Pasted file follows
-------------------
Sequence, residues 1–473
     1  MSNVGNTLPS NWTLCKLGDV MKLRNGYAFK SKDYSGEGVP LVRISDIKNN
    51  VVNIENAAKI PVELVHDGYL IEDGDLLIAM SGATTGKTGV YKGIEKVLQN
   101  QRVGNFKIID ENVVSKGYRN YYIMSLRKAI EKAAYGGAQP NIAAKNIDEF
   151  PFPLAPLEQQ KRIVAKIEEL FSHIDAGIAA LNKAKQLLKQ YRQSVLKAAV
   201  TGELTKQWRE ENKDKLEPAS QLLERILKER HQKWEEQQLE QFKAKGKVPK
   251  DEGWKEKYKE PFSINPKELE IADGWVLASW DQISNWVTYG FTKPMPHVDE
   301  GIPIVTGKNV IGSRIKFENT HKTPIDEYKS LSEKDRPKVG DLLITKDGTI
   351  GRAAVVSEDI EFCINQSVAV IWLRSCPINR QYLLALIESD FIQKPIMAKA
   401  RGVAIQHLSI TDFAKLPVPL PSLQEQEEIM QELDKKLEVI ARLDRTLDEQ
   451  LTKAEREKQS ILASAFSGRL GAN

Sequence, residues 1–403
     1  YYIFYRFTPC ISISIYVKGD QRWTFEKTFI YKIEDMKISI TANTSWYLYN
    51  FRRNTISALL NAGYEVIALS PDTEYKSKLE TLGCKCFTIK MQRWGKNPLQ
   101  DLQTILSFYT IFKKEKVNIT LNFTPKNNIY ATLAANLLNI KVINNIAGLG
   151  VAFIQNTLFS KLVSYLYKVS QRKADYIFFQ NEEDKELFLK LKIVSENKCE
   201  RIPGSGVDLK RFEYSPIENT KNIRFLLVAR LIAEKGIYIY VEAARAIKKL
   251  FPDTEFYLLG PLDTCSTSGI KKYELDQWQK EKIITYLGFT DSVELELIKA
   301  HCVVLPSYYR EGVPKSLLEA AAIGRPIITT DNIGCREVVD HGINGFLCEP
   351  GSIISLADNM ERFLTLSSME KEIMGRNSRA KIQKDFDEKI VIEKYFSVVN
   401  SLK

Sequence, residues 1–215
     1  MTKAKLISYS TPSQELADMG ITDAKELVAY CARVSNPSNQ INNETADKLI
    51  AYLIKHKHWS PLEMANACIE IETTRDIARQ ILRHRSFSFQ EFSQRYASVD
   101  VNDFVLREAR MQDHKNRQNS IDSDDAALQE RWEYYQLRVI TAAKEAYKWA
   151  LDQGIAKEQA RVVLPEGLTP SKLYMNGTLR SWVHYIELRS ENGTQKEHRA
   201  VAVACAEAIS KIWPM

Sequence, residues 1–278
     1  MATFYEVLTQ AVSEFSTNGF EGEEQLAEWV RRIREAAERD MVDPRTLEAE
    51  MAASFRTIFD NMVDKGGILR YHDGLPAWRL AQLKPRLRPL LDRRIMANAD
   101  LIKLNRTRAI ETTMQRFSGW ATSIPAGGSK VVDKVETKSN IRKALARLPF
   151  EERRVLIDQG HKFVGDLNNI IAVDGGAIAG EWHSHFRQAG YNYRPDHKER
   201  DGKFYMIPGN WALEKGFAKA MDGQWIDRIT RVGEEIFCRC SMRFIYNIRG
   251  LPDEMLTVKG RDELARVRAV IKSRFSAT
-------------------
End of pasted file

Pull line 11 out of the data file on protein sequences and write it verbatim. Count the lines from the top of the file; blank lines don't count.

   451  LTKAEREKQS ILASAFSGRL GAN